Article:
Would you like some cirque with your ceviche? Some foreign-film-like, mysterious-and-magical-outsider plot (think “Chocolat”) with your mole? A flavoring of flamenco with that chocolate cake topped with blood orange foam? Then by all means take a lightly transporting, delicious vacation to “Cascabel,” where chef Rick Bayless and Lookingglass Theater are remixing dinner theater the way molecular gastronomy remixes lemon peels.
Bayless’ PBS show “Mexico — One Plate at a Time” is on its eighth season, but he reached a new level of fame when he won the first “Top Chef Masters” competition, telling his life story in a few courses and moving judges with his mole. “Cascabel” seems an inevitable extension of the ongoing convergence of food and narrative: These days, dining is a form of experiential entertainment.
It would be easy to argue that the evening skimps on real storytelling. Wondering whether the mysterious cook (Bayless) at the Mexican boarding house (lovingly realized by designer Brian Bembridge) will win over the broken-hearted lady of the house (Chiara Mangiameli) has all the suspense of wondering whether Tony and Tina will get married.
But let’s be fair. First, nobody wants tragedy with a tasting menu, and actual suspense might be cause for indigestion. So even if the dialogue is under-seasoned, the choices to let the love story serve as a delicate drizzle of sauce that helps bring the dish together — and let our comedic Maitre d’ (Jess Perez) act as schticky garnish — must be considered smart.
All the more reason that credit has to go to co-creator, co-director and co-star Tony Hernandez, who ensures the acrobatics comprise a worthy part of the main course. It’s initially worrisome that upon tasting the mole, performer Alexandra Pivaral heads to an onstage bathroom, but the idea is that the magical Oaxacan recipe has gifted her with the ability to contort, and her acrobatic twirls around the tub are pretty mesmerizing. Same with the gorgeous post-mole dance of the two single diners (Nicolas Besnard and Shenea Booth).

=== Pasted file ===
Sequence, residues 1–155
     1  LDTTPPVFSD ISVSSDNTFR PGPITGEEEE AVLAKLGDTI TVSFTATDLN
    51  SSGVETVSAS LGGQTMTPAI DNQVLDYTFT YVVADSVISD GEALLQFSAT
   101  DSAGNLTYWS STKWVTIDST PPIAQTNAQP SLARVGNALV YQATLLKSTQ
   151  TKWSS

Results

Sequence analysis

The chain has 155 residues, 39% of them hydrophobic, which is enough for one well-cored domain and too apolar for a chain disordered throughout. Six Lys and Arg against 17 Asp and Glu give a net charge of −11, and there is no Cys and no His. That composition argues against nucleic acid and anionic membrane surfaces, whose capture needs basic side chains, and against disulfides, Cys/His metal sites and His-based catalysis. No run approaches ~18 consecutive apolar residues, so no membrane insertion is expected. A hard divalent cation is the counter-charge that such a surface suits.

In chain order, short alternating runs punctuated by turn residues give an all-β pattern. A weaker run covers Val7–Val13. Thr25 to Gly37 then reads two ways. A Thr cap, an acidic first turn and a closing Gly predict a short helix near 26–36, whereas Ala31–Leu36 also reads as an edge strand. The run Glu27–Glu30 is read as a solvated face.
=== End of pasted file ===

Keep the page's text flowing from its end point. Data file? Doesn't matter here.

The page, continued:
Hernandez himself, playing a houseboy and aspiring cook’s apprentice, manages to combine comedy with a high-wire act, which is pretty rare. It’s a great routine.
And while the Gardener (Jonathan Taylor) and his wife (Anne Goldmann) force too much funniness down the aud’s throats much of the time, their bit involving a banana food fight is inspired comedy.
Now, the othercriticism here is that theatergoers have a choice. You can pay $225 for “Cascabel,” with a three-course meal and a serving of cirque, or you could go to Bayless’s fine dining establishment Topolo-bampo and for about the same price have a meal with the wine flight.
They’re both good options. And with “Cascabel” logging strong sales, they’re both tough to get into.